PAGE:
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Cold Spring Harb Protoc. 2013 Apr 1;2013(4):362-5. doi: 10.1101/pdb.prot073874.

Microsurgical approaches to isolate tissues from Xenopus embryos for imaging morphogenesis.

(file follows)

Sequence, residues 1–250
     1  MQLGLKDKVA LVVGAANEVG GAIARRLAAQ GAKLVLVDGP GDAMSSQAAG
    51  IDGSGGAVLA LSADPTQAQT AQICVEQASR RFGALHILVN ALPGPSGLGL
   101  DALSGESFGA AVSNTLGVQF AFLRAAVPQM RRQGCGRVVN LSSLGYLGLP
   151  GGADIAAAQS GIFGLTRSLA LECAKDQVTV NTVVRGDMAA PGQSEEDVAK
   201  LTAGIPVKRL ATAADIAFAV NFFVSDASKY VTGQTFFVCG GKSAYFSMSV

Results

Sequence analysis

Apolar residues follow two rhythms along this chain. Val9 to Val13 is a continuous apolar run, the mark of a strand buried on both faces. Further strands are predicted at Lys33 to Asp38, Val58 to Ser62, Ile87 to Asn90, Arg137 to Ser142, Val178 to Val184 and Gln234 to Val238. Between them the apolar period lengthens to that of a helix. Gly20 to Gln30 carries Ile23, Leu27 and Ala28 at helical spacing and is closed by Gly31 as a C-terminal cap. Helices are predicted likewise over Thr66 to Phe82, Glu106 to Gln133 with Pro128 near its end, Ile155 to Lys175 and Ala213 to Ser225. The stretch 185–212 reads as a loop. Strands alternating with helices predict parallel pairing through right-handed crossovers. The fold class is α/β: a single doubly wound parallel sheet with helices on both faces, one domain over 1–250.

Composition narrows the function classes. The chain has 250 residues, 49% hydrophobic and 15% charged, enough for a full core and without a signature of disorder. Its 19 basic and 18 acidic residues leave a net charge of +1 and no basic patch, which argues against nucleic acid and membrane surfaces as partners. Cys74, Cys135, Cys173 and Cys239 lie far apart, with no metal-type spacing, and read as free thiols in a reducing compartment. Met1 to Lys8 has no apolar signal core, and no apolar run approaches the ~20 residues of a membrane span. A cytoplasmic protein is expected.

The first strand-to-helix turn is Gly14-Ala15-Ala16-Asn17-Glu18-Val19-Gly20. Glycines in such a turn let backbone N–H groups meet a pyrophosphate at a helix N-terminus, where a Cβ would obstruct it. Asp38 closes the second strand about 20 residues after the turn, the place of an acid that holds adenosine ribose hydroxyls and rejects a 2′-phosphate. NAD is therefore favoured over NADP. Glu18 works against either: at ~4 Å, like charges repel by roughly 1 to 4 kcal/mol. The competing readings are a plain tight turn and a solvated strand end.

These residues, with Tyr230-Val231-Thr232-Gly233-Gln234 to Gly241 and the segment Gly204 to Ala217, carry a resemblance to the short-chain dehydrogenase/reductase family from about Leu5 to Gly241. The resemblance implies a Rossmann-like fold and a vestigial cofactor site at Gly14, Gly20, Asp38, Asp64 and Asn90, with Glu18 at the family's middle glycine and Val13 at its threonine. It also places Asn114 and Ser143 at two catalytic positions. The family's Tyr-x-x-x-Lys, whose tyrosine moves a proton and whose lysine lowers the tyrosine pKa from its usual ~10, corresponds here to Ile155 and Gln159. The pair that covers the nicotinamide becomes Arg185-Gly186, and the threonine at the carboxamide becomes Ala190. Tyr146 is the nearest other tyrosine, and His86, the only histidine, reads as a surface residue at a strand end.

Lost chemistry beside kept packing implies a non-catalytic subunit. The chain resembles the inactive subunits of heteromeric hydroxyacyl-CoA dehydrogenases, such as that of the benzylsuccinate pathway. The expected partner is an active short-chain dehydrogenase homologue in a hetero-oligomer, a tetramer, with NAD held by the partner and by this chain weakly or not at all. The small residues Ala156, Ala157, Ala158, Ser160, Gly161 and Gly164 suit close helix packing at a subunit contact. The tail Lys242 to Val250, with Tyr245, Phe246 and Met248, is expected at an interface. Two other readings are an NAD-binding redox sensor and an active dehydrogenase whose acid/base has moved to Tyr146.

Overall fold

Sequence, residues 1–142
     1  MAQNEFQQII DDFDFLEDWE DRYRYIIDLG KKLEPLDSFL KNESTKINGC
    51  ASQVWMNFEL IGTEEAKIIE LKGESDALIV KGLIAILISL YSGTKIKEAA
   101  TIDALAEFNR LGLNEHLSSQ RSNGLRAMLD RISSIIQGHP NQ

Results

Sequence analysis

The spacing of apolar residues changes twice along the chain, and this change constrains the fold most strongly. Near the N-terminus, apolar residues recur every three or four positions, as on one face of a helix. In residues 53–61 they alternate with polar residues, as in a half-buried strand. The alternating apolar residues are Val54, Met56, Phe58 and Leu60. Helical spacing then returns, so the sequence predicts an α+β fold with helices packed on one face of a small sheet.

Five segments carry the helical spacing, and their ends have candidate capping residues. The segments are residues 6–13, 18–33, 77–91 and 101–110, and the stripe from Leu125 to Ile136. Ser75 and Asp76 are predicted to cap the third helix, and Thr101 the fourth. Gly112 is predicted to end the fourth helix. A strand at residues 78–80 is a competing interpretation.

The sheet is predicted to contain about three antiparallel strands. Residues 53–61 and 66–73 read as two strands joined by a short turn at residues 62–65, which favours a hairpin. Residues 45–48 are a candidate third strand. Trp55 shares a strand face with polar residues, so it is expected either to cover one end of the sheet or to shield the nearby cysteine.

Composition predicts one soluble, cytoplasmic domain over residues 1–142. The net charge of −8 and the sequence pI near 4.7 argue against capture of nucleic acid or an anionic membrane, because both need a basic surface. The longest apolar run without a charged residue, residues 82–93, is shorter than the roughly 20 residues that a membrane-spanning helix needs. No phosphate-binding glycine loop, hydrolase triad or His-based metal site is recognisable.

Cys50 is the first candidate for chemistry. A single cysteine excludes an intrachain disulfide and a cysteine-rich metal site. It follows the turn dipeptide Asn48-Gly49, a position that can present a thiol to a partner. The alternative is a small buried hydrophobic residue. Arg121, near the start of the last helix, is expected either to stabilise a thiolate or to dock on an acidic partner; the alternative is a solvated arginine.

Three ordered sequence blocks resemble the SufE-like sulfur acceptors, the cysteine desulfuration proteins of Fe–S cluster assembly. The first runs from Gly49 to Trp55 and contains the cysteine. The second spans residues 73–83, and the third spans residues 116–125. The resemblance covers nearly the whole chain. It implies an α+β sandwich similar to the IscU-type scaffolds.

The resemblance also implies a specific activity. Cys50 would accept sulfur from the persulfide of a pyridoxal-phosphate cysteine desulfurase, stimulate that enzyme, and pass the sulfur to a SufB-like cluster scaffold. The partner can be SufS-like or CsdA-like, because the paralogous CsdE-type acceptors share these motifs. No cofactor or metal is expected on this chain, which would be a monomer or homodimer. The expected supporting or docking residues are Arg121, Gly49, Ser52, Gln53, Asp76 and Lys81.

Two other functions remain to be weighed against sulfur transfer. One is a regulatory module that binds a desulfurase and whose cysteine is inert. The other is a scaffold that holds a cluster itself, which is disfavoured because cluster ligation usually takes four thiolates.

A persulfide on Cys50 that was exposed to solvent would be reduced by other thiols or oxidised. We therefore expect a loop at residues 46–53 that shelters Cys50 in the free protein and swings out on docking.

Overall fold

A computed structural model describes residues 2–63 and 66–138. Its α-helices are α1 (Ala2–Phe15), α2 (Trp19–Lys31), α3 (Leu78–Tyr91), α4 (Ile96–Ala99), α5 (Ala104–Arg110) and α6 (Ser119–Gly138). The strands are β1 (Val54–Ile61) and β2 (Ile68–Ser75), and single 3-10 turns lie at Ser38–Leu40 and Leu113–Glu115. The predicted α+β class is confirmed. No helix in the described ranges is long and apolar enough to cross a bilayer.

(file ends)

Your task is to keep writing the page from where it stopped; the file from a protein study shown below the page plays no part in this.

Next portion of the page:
To understand dynamic cell and tissue mechanics during Xenopus laevis morphogenesis requires the use of live reporters of cell architecture as well as reporters for the location and activity of proteins in cells within a multicellular tissue. Fluorescently tagged proteins are some of the most useful reporters for live cell work. Once the desired expression pattern of fluorescent reporters has been found, the next step is preparing samples of tissue explants to bring subcellular structures and protein dynamics within the range of high-numerical aperture (NA) objectives. Visualization of dynamic living structures like the cytoskeleton requires the use of high-resolution confocal microscopes outfitted with oil-immersion, high-NA objectives. These objectives, typically 40×, 63×, and 100×, have very short working distances (i.e., samples must be brought within 150 μm of the coverslip, but perform optimally only when samples are <25 μm from the coverslip). Thus, to visualize protein dynamics and follow cell behaviors during morphogenetic events, tissues must be isolated by microsurgery and cultured on the glass surface of custom-made culture chambers. To visualize multicellular tissues from Xenopus embryos, we microsurgically dissect tissues from the desired part of the embryo using fine tools made from human hair. In this protocol, we discuss tools, microsurgery technique, and specific surgical manipulations to isolate important tissues from the gastrulating embryo.

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